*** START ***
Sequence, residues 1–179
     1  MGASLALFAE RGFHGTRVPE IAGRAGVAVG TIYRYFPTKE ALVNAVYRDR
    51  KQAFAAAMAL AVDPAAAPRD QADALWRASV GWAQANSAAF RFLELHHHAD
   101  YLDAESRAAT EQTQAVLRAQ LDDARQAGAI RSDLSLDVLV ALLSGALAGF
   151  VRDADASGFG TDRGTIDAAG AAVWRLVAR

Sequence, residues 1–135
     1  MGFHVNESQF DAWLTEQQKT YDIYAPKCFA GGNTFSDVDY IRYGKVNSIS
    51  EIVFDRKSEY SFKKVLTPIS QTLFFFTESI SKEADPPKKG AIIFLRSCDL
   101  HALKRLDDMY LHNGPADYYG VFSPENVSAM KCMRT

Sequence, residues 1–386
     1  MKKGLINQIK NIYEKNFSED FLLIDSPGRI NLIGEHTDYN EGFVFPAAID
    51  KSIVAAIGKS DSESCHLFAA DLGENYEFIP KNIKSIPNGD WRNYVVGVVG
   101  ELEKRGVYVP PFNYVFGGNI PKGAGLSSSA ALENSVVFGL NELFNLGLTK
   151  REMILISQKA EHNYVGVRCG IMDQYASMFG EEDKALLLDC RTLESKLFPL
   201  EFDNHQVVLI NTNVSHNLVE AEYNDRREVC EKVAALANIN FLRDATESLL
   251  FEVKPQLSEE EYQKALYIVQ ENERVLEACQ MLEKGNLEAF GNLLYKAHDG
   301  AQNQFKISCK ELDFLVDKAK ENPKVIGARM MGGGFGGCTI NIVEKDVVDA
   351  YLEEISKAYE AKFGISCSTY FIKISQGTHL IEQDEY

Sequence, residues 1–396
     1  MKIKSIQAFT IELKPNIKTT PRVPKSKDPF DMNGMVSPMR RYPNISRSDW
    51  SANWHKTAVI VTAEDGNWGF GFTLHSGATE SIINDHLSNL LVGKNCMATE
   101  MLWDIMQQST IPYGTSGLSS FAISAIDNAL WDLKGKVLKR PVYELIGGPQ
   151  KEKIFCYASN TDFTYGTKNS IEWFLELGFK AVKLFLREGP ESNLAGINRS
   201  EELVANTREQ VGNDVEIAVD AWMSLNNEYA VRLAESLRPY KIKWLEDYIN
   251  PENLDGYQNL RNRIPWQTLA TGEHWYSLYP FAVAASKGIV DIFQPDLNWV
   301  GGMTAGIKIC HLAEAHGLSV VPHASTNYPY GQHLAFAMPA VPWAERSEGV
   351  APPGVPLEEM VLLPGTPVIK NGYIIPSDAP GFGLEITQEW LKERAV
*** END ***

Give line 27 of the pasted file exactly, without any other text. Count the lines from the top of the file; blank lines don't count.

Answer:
   351  APPGVPLEEM VLLPGTPVIK NGYIIPSDAP GFGLEITQEW LKERAV